To be the greatness of the spheres.
“Oh, c’mon, is it gonna be another one of those poesy-addled, riddle-speak things you’re always tossin’ around?”
“No poesy. This time it’s cold, hard facts. Listen. It started long ago. So long ago, in fact, that nobody would even remember…”
“Then how come you’re tellin’ it now?”
“…that nobody would even remember, IF it weren’t for me.”
“So it’s your tale.”
“Aye, that it is. Now, if you’ll just keep your blutter-box sealed for a moment, you might even learn what it is.”
“G’on. I’m curious.”
“Good. There was this girl, see? She only felt alive when she was in contact with the Art. All other things were, well… dead. So, she decided that her whole life would be Art.”
“Sounds like someone I know.”
“It gets better. Now this girl, she didn’t quite know what the Art was, yet she definitely knew what it wasn’t. So she started to cut out everything that wasn’t the Art. Didn’t take long to do away with most of what we call life. At the end, the only thing remaining which was not of the Art, was her own body.”
“Huh. How would she make do without a body?”
“Exactly. Yet there it was, the question without answer. The body and its shadows, impeding her Art. Know what she did?”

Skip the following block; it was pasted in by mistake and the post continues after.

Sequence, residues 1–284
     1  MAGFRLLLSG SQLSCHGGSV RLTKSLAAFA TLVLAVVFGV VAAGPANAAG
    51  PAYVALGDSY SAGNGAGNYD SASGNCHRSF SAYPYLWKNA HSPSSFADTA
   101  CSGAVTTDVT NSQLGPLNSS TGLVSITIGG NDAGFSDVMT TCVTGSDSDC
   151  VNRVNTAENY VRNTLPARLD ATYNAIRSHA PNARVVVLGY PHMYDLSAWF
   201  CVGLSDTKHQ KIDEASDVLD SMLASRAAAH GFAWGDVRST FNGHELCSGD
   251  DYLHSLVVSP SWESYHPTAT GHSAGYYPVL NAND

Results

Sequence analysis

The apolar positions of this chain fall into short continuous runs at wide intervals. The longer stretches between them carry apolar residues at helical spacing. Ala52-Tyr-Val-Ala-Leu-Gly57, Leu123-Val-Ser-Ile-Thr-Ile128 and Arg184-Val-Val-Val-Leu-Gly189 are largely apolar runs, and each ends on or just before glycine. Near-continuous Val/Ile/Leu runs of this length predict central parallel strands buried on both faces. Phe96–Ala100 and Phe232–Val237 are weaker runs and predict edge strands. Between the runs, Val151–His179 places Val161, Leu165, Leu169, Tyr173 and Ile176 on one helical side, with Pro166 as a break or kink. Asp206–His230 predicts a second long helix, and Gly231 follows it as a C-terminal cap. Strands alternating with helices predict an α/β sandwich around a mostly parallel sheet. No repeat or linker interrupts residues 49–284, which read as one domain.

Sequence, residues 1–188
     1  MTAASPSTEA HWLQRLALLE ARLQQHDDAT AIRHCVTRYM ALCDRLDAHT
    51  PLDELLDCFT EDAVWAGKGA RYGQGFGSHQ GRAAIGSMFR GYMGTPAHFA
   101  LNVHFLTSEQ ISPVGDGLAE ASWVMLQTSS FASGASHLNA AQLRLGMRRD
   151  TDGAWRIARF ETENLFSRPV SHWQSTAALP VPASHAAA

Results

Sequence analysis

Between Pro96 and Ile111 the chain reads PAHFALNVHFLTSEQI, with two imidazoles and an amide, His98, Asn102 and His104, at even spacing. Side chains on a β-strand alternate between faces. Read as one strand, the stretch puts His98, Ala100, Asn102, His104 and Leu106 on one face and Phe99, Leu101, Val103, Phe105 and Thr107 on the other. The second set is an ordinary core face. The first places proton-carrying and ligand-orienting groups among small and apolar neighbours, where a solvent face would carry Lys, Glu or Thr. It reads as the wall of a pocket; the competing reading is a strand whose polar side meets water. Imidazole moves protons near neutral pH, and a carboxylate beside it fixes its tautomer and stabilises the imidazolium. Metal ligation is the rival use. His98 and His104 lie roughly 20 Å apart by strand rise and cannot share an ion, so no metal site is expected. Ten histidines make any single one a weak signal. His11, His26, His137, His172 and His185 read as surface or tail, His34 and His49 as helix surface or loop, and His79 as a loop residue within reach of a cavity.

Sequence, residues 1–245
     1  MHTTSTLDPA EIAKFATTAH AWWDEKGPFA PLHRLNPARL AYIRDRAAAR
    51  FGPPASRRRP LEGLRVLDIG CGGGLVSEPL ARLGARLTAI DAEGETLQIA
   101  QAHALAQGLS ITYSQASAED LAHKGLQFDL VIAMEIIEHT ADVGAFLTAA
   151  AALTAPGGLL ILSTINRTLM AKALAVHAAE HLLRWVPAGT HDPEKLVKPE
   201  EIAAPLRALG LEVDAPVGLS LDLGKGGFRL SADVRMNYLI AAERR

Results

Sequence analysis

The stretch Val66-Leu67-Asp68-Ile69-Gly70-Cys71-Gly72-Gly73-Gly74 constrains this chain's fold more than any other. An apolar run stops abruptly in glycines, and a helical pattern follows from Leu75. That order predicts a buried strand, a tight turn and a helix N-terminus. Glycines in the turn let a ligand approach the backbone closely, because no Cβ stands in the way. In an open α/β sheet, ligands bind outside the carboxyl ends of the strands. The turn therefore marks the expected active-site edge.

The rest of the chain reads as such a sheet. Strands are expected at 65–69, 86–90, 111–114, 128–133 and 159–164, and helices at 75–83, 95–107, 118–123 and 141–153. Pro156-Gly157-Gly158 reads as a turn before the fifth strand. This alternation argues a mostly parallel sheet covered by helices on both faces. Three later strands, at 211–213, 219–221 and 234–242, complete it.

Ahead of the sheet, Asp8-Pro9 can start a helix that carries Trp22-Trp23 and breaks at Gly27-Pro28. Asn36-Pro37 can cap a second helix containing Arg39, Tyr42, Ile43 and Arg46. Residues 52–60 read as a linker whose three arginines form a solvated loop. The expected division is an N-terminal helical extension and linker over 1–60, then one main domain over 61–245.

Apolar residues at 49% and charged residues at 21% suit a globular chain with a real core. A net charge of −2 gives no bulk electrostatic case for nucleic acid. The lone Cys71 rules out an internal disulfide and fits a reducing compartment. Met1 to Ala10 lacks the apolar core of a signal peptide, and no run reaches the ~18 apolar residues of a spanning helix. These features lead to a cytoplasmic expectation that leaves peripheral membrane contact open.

“A very valid choice, but no. She became a tale, body ‘n all.”
“A tale? But tales are words.”
“So words she became, and her body was the book. Her life was traded for narrative. Yet, although her Art was now unhindered by the ways of the flesh, she would have to obey the law of scripture.”
“I knew ye’d start with the fancy-talk one time or another! That was too simple to be one of your stories.”
“It is simple. What all that means is that she had to tell her tale to others if she were to live. ‘Cause a tale without telling is not a tale.”
“You’re sayin’ that what we are doing now… keeps her alive?”
“Pretty much. Yea.”
“Must be one hell of a life.”
“That it is. That it is, indeed.”
I have spent the last weeks in Gormenghast. In this damp, drafty castle of solemn ritual I found solace. A dark sanctuary for dark times, wrapped in prose so beautiful it is terrifying. Peake was love at first reading and second thought, and these are my humble, mindless renderings of the images that haunted me, and haunt me still, of the first chapter of Titus Groan. I also gave it voice; this recording was meant for intimate acquaintances, as were the drawings, and it is not professional by any means. Yet I will share it here, for today’s stranger could be tomorrow’s friend.